By Amy Loeffler
Kurt Luther, Virginia Tech assistant professor of computer science, has developed a free software platform that uses crowdsourcing to significantly increase the ability of algorithms to identify faces in photos.
Through the software platform, called Photo Sleuth, Luther seeks to uncover the mysteries of the nearly 4 million photographs of Civil War-era images that may exist in the historical record.
Luther will present his research surrounding the Photo Sleuth platform on March 19 at the Association for Computing Machinery’s Intelligent User Interfaces conference in Los Angeles, California. He will also demonstrate Photo Sleuth at the grand opening of the expanded American Civil War Museum, in Richmond, Virginia, on May 4, 2019.
Luther, a history buff himself, was inspired to develop the software for Civil War Photo Sleuth in 2013 while visiting the Heinz History Center’s exhibit called “Pennsylvania’s Civil War” in Pittsburgh, Pennsylvania. There he stumbled upon a Civil War-era portrait of Oliver Croxton, his great-great-great uncle who served in Company E of the 134th Pennsylvania, clad in a corporal’s uniform.
“Seeing my distant relative staring back at me was like traveling through time,” said Luther. “Historical photos can tell us a lot about not only our own familial history but also inform the historical record of the time more broadly than just reading about the event in a history book.”
The Civil War Photo Sleuth project, funded primarily by the National Science Foundation, was officially launched as a web-based platform at the National Archives in Washington, D.C., on Aug. 1, 2018, and allows users to upload photos, tag them with visual cues, and connect them to profiles of Civil War soldiers with detailed records of military history. Photo Sleuth’s initial reference database contained more than 15,000 identified Civil War soldier portraits from public domain sources like the U.S. Military History Institute and other private collections.
Prior to the project’s official launch in August, the software platform won the $25,000 Microsoft Cloud AI Research Challenge and the Best Demo Award at the Human Computation and Crowdsourcing 2018 conference in Zurich, Switzerland, for Luther and his team, which includes academic and historical collaborators, the Virginia Center for Civil War Studies, and Military Images magazine.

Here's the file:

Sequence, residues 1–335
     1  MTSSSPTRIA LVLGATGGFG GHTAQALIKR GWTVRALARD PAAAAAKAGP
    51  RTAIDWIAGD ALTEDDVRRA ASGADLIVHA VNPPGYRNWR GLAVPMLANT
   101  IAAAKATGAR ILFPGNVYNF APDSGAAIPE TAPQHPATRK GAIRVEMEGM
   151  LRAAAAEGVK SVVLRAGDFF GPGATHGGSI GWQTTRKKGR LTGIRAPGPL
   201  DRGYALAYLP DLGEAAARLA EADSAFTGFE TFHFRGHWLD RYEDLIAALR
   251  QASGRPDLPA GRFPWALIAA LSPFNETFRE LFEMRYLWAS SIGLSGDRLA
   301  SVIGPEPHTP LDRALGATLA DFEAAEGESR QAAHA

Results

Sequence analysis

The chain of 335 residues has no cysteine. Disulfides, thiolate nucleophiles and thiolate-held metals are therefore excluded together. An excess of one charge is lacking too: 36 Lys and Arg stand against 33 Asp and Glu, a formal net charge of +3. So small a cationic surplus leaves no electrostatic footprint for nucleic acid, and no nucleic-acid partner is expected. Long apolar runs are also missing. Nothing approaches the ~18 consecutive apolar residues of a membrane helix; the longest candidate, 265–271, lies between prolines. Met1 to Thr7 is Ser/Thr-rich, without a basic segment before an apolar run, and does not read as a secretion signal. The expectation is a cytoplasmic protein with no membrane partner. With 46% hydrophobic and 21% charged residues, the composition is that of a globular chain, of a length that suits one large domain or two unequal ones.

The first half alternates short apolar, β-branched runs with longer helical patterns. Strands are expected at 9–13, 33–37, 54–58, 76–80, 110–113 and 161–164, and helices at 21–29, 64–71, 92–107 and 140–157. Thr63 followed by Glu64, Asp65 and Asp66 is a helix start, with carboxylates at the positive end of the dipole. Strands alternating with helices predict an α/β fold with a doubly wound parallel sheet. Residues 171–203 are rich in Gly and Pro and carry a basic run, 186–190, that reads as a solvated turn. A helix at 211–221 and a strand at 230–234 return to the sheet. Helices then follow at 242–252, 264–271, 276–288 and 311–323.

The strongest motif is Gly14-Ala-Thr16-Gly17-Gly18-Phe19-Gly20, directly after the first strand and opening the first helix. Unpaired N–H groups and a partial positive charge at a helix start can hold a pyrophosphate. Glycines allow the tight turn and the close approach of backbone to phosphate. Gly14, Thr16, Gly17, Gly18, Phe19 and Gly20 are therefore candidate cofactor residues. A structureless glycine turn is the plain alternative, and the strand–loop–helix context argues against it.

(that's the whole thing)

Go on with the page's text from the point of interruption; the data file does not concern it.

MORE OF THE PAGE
According to Luther, the key to the site’s post-launch success has been the ability to build a strong user community. More than 600 users contributed more than 2,000 Civil War photos to the website in the first month after the launch, and roughly half of those photos were unidentified. Over 100 of these unknown photos were linked to specific soldiers, and an expert analysis found that over 85 percent of these proposed identifications were probably or definitely correct. Presently, the database has grown to over 4,000 registered users and more than 8,000 photos.
“Typically, crowdsourced research such as this is challenging for novices if users don’t have specific knowledge of the subject area,” said Luther. “The step-by-step process of tagging visual clues and applying search filters linked to military service records makes this detective work more accessible, even for those that may not have a deeper knowledge of Civil War military history.”
Person identification tasks can be challenging in larger candidate pools because there is a larger risk for false positives. The novel approach behind Civil War Photo Sleuth is based on the analogy of finding a needle in a haystack. The data pipeline has three haystack-related components: building the haystack, narrowing down the haystack, and finding the needle in the haystack. When combined, they allow users to identify unknown soldiers while reducing the risk of false positives.
Building the haystack is done by incentivizing users to upload scanned images of the fronts and backs of Civil War photos. Any time a user uploads a photo to identify it, the photo gets added to the site’s digital archive or “haystack,” making it available for future searches.
Following upload, the user tags metadata related to the photograph such as photo format or inscriptions, as well as visual clues, such as coat color, chevrons, shoulder straps, collar insignia, and hat insignia. These tags are linked to search filters to prioritize the most likely matches. For example, a soldier tagged with the “hunting horn” hat insignia would suggest potential matches who served in the infantry, while hiding results from the cavalry or artillery. Next, the site uses state-of-the-art face recognition technology to eliminate very different-looking faces and sort the remaining ones by similarity. Both the tagging and face recognition steps narrow down the haystack.
Finally, users find the needle in the haystack by exploring the highest-probability matches in more detail. A comparison tool with pan and zoom controls helps users carefully inspect a possible match and, if they decide it’s a match, link the previously unknown photo to its new identity and biographical details.
The military records used by the filters come from myriad public sources, including the National Park Service Soldiers and Sailors Database.
Retracing historical Civil War photos through facial recognition software like Photo Sleuth has broad applications beyond identifying historical photos, too. The software has the potential to generate new ways to think about building person identification systems that look beyond face recognition and leverage the complementary strengths of both human and artificial intelligence.